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  1. #1
    kg333's Avatar
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    Ithaca Model 37 and Lee-Enfield

    Hey everyone,

    My dad recently received two guns from my grandmother that she no longer wanted around, and I thought I'd look for a little advice and info on them, since they're rather old.

    The first is an Ithaca Model 37 Featherlight in 12 gauge. My grandmother bought it for my great-grandfather back in 1957. The second is a Lee-Enfield.

    Both guns came with some ammunition. Some of the Lee-Enfield cartridges are corroded, but most of the rest and the 12 gauge shells appear to be fine. We've never dealt with anything this old before, and were wondering how to properly dispose of the bad cartridges, and whether the rest of it is safe to use.

    Any advice and comments would be much appreciated. Thanks in advance for the help!

    KG






    Thanks in advance for the help!

    KG

  2. #2
    DJ Niner's Avatar
    DJ Niner is online now HGF Forum Moderator
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    Hello,

    I have an Ithaca model 37 from the same era (looks exactly like yours, right down to the front bead), and strangely enough, I also received it from my grandmother (after my grandfather had passed away). M37s are pretty cool guns. They are all-steel, but very lightweight. The action ejects empty shells downward, which made them very popular with left-handed shooters. Because they have no side ejection port, the only way to load a shell into the chamber is to put it into the magazine and pump the action (other guns usually allow a shell to be dropped into the open side ejection port and the action closed to load one round).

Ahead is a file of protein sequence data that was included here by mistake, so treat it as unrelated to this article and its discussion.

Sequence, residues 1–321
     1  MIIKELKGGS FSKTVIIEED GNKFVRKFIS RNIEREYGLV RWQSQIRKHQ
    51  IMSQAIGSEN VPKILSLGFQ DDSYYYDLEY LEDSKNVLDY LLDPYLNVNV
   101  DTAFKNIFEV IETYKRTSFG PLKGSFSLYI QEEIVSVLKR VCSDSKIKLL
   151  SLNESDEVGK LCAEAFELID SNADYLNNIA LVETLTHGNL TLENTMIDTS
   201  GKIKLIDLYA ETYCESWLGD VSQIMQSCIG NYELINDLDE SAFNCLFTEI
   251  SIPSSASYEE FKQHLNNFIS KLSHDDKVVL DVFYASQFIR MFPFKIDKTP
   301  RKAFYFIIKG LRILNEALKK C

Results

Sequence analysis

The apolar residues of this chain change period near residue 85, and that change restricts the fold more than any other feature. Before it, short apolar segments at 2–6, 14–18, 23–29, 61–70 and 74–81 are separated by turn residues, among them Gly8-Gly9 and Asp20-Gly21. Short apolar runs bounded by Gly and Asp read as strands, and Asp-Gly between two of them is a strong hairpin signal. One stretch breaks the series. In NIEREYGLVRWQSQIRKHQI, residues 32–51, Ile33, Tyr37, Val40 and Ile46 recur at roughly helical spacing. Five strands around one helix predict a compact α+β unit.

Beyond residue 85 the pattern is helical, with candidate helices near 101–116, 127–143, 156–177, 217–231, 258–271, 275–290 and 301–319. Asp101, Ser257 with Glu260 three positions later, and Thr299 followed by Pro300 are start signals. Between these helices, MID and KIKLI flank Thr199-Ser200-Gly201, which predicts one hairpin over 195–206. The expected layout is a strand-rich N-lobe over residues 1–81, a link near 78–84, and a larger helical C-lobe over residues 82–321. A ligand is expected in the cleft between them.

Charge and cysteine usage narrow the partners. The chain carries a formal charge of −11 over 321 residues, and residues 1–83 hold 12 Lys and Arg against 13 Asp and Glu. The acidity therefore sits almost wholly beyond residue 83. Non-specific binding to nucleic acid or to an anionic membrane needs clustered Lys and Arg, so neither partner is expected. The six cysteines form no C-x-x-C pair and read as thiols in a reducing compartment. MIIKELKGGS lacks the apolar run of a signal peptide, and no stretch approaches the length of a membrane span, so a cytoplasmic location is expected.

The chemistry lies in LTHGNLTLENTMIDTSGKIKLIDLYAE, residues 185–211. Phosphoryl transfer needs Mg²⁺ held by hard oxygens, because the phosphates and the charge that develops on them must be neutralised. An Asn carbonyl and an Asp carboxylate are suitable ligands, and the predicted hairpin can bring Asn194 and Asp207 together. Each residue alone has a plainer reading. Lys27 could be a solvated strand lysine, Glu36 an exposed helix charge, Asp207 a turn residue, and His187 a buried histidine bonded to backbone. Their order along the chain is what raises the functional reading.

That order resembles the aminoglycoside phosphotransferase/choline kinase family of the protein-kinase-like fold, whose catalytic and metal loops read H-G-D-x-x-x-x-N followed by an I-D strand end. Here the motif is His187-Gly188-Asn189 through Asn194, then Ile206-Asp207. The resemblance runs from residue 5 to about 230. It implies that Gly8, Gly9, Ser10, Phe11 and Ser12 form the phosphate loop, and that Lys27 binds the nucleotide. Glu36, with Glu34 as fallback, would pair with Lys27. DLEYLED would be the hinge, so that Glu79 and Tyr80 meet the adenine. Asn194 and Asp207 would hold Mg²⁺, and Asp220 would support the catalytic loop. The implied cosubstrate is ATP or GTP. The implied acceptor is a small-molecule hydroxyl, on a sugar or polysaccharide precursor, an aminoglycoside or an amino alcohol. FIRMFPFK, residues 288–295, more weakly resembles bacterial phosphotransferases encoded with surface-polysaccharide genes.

An electronic version of the manual can be found here (if the site is up and not over their bandwidth):
    http://stevespages.com/pdf/ithaca_37featherlight.pdf

    Please note that disassembly is different than most other pump shotguns in that you screw the magazine tube cap TIGHTER onto the tube initially, so the cap's tab clears a slot in the the barrel lug allowing you to turn the barrel a quarter-turn and pull it off; then you can unscrew the cap and remove it. Always have the action open (pump handle to the rear) when removing or installing the barrel.



    I'm not quite as chock-full of info on the SMLE. I know they cock on closing the bolt, instead of on opening as most modern bolt actions do. I usually recommend folks take any old guns (especially old military guns) to a gunsmith for a safety inspection before shooting them. The 'Smith can also give you a quick overview on safe operating procedures.

    An electronic version of the manual can be found here (if the site is up and not over their bandwidth):
    http://stevespages.com/pdf/leeenfield.pdf